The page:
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Discussion Starter #1
I'm a new member here and have been doing a lot of research about swapping the motor out of my 2001 Taurus SES w/ 3.0 Vulcan motor. This may seem elementary to the vets on here but I wanted to post my findings for the novice's like me that may find themselves in the same situation.

The car has 310,000 miles and the dealership tells me it burned a valve. Quote is $2,200 to fix and they can about guarantee they will find more. That's more than the cars worth so that's not going to happen. What's the options:
1. part it out on craigslist myself.
2. take it to the junk yard and get about $400 and call it a day.
3. swap motors and keep driving it.

Being that the car is clean inside and out given the year and miles and that we've put most of those miles on it, and, recently we've put new front tires, rear struts, a heater core in it etc, (and I'm a stubborn SOB), I want to keep driving it! LOL 500,000 is on my mind for some reason....

What I've learned.
1. There are several different engine's: 3.0 Vulcan (gasoline only), 3.0 Vulcan (Flex Fuel), DOHC 3.0 engine. etc.
2. If your replacing the Vulcan ENGINE ONLY (keeping your computer, all sensors and fuel injectors then ANY YEAR Vulcan engine will work. 2004 and newer need the newer intake put on the older engine.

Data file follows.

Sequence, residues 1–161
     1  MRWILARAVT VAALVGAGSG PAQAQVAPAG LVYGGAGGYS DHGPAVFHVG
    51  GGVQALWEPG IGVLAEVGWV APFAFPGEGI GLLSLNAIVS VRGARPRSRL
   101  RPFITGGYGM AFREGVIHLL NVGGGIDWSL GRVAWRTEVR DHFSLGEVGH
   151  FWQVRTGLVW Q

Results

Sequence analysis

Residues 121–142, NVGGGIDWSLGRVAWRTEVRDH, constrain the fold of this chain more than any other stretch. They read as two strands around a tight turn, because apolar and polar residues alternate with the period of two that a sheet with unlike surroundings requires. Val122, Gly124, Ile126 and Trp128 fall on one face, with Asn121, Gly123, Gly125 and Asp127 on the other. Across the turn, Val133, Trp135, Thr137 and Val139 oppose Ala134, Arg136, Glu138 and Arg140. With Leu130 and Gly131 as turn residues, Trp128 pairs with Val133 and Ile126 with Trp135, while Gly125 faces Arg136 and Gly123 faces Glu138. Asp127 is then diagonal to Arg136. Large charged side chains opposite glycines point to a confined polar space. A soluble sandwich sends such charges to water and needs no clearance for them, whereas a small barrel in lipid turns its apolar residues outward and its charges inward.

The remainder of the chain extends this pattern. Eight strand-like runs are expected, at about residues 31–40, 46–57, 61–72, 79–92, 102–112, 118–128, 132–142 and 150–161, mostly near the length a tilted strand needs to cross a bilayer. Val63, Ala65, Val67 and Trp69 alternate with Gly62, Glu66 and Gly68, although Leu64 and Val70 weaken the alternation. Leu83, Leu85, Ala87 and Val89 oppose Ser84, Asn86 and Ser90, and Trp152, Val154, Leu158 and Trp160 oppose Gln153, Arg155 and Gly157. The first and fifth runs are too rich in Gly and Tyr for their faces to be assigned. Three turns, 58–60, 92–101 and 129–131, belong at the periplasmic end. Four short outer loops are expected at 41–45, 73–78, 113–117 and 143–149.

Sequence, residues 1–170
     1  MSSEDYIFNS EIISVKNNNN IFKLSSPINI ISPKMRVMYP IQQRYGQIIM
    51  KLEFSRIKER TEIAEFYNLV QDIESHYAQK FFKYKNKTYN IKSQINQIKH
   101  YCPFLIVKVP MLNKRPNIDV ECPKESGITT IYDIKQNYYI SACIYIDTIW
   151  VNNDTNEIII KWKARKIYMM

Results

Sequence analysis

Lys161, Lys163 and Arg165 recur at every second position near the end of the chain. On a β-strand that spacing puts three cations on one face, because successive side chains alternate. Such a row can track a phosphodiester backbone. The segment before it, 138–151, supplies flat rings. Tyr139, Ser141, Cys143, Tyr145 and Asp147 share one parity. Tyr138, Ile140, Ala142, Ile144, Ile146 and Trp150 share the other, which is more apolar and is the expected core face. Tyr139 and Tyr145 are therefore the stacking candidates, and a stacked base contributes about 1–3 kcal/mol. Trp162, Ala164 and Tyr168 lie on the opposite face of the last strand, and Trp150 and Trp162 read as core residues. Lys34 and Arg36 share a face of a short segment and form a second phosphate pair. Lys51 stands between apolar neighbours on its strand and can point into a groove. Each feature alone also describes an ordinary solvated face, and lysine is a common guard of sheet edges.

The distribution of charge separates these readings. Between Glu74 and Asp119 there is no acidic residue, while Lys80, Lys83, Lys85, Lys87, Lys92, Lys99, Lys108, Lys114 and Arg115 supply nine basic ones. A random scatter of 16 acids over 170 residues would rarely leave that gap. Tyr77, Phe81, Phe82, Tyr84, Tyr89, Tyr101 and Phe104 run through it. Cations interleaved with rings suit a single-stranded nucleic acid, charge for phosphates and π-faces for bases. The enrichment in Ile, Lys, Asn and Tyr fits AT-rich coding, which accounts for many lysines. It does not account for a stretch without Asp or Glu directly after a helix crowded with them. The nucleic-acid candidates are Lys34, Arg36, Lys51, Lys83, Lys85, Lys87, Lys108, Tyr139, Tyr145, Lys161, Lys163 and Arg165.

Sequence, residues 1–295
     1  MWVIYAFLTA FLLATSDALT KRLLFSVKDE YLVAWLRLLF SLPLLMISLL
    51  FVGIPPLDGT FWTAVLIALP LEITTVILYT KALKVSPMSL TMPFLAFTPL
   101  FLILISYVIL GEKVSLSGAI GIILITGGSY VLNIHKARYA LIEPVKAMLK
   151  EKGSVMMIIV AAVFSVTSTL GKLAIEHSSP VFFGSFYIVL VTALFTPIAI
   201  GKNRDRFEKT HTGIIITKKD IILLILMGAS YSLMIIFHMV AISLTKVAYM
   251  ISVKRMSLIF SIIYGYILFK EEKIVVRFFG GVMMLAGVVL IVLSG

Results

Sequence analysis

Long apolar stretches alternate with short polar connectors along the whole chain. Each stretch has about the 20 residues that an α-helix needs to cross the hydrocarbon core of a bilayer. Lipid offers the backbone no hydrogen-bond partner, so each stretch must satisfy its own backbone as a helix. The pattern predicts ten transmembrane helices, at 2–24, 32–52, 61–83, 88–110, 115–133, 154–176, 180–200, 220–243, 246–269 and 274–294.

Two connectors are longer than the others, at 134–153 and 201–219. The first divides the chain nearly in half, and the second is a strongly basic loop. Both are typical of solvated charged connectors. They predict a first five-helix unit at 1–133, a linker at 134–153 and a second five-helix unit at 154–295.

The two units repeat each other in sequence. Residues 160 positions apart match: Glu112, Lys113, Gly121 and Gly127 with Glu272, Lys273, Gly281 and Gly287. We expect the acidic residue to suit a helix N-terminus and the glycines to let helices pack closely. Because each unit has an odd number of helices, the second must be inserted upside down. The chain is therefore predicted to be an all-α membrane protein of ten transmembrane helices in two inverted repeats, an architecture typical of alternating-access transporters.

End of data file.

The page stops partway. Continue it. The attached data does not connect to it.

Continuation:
3. My brother in law, in the car / parts business, I think gave me the best advise, "KISS" (Keep it simple stupid). He directed me to www.car-part.com. You put in the year, make and model. It then makes you look at the 8th digit in your VIN code. For me that is a "U", that means I have a gasoline Vulcan and not the flex fuel Vulcan engine. You put the state you live in and I recommend you put in your zip code. You get a list of matching engines from different places with mileage. For me a place popped up with an engine from another 2001 Taurus SES (U code) with 95,000 miles on it with an A grade for $500.00 (30 day guarantee). My brother in law stated they do business there all the time and felt they were reputable. So I've jumped into it and bought the engine.